A survey of general practices' attitudes to the use of information technology shows that most are open to sharing patient information provided that appropriate security and privacy measures are in place.
The survey of 1042 New Zealand general practices was conducted in February by HealthLink. There was a 35 percent response rate.
HealthLink CEO Tom Bowden says the overall assessment was that general practices continue to take a very conservative stance on health information privacy.
"Because they have been high users of information technology for the past 15-20 years, general practices are well aware of the important risks and challenges posed to patient privacy and the enormous importance of maintaining the public's trust in the health system" he says.
"We are very pleased to see the resoluteness with which general practices embrace the importance of patient privacy, despite constant efforts to debate privacy's importance. We are often told that privacy no longer matters. A number of IT industry leaders seem to strongly believe that is the case."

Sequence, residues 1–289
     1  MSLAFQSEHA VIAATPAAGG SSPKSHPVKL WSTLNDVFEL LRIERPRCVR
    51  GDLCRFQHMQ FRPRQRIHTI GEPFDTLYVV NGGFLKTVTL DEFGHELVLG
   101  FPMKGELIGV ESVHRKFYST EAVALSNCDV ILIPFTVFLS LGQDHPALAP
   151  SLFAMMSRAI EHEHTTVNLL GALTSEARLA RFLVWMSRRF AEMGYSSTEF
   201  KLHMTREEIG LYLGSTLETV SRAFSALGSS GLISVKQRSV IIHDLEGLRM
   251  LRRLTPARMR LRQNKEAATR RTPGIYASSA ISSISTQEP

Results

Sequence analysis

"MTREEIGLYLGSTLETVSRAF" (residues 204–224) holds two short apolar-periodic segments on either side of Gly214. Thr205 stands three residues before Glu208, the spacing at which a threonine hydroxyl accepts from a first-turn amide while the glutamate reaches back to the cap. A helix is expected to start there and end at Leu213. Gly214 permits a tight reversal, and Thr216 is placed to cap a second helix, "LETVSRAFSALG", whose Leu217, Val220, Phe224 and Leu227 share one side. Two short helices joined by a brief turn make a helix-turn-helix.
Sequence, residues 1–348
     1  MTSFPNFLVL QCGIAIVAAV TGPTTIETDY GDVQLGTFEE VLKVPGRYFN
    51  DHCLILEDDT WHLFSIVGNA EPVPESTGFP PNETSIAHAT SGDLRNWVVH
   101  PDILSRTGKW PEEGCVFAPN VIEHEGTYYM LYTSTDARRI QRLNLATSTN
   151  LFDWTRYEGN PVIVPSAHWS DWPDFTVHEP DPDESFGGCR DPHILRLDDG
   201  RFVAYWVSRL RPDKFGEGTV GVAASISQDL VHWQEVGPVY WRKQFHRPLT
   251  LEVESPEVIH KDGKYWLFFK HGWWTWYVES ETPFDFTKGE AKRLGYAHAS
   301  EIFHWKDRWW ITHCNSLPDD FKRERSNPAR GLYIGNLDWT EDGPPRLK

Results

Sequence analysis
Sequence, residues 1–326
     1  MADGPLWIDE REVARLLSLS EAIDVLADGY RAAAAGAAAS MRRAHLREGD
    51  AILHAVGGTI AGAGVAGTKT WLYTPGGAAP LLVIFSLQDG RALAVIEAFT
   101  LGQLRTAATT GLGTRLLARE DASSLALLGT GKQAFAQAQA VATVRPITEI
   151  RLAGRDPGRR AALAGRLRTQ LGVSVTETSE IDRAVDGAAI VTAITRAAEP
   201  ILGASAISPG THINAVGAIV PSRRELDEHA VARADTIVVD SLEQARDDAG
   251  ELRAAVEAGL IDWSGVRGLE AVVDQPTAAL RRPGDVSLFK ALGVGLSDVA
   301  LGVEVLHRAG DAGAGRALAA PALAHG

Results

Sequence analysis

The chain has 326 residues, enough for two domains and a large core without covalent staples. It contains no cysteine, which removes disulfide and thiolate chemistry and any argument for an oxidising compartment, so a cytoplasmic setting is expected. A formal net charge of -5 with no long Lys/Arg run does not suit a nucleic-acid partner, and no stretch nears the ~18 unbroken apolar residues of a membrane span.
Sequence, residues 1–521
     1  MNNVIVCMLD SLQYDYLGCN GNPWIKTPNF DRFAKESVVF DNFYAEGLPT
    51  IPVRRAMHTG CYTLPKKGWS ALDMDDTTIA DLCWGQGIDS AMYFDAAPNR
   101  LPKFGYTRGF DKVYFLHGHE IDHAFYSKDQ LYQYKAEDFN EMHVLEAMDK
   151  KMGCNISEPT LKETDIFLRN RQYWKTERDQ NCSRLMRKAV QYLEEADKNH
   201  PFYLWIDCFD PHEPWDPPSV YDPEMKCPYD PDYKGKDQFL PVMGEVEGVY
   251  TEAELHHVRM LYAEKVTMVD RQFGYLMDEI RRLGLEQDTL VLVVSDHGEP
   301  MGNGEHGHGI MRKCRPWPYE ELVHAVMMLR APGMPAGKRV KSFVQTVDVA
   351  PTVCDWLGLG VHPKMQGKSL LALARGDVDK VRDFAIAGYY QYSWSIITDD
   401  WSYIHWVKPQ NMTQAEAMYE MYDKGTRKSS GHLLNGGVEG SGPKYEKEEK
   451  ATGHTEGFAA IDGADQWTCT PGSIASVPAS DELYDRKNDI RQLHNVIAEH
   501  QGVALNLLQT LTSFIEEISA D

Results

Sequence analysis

The survey showed there was an increasing level of agreement that it would be useful to access information about patients from other sources: for instance, when a patient is in hospital it would be good to see what is happening on the hospital system.
In fact, this is happening in some parts of New Zealand.
A majority of respondents agreed or strongly agreed that being able to refer patients electronically to any other healthcare provider was desirable.
The vast majority (277) of general practices nearly always used their computers during patient consultations, which Bowden says is consistent with HealthLink's expectations.
"According to the Commonwealth Fund, New Zealand has the highest levels of advanced practice management system used in any of the 11 OECD countries they survey," he says.
Eighty-one percent of practices were either quite likely or very likely to agree to local hospital emergency departments having online access to their patients' medical records, provided there was patient consent to do so.